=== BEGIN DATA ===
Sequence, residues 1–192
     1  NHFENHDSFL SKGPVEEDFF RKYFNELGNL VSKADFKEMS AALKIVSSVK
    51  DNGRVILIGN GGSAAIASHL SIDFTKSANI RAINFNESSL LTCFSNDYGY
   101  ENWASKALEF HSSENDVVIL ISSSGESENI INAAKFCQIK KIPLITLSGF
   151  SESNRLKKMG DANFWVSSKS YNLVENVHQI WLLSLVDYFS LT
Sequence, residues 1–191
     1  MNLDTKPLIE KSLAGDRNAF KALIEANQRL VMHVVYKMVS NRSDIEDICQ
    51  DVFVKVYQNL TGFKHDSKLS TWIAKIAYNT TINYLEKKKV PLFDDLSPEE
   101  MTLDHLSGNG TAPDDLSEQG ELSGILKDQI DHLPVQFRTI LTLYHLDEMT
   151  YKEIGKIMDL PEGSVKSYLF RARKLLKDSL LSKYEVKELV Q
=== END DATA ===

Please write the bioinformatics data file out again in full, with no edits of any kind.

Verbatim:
Sequence, residues 1–192
     1  NHFENHDSFL SKGPVEEDFF RKYFNELGNL VSKADFKEMS AALKIVSSVK
    51  DNGRVILIGN GGSAAIASHL SIDFTKSANI RAINFNESSL LTCFSNDYGY
   101  ENWASKALEF HSSENDVVIL ISSSGESENI INAAKFCQIK KIPLITLSGF
   151  SESNRLKKMG DANFWVSSKS YNLVENVHQI WLLSLVDYFS LT
Sequence, residues 1–191
     1  MNLDTKPLIE KSLAGDRNAF KALIEANQRL VMHVVYKMVS NRSDIEDICQ
    51  DVFVKVYQNL TGFKHDSKLS TWIAKIAYNT TINYLEKKKV PLFDDLSPEE
   101  MTLDHLSGNG TAPDDLSEQG ELSGILKDQI DHLPVQFRTI LTLYHLDEMT
   151  YKEIGKIMDL PEGSVKSYLF RARKLLKDSL LSKYEVKELV Q